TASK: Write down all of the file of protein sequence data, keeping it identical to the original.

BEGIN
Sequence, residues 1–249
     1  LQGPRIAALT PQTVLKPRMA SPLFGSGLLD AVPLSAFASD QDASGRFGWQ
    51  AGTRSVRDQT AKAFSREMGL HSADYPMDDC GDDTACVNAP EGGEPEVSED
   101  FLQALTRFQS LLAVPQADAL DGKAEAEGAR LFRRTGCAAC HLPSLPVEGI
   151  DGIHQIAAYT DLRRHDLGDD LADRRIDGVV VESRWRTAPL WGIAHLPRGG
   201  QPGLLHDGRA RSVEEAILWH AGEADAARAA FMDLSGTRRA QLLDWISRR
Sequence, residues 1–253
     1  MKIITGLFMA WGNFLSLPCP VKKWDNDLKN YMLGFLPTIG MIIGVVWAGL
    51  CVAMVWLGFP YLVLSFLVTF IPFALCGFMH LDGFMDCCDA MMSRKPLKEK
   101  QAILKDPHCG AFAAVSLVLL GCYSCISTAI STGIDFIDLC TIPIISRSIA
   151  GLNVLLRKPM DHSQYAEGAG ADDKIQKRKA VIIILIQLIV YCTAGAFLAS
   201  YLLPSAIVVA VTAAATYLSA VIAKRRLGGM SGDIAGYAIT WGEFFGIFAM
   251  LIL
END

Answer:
Sequence, residues 1–249
     1  LQGPRIAALT PQTVLKPRMA SPLFGSGLLD AVPLSAFASD QDASGRFGWQ
    51  AGTRSVRDQT AKAFSREMGL HSADYPMDDC GDDTACVNAP EGGEPEVSED
   101  FLQALTRFQS LLAVPQADAL DGKAEAEGAR LFRRTGCAAC HLPSLPVEGI
   151  DGIHQIAAYT DLRRHDLGDD LADRRIDGVV VESRWRTAPL WGIAHLPRGG
   201  QPGLLHDGRA RSVEEAILWH AGEADAARAA FMDLSGTRRA QLLDWISRR
Sequence, residues 1–253
     1  MKIITGLFMA WGNFLSLPCP VKKWDNDLKN YMLGFLPTIG MIIGVVWAGL
    51  CVAMVWLGFP YLVLSFLVTF IPFALCGFMH LDGFMDCCDA MMSRKPLKEK
   101  QAILKDPHCG AFAAVSLVLL GCYSCISTAI STGIDFIDLC TIPIISRSIA
   151  GLNVLLRKPM DHSQYAEGAG ADDKIQKRKA VIIILIQLIV YCTAGAFLAS
   201  YLLPSAIVVA VTAAATYLSA VIAKRRLGGM SGDIAGYAIT WGEFFGIFAM
   251  LIL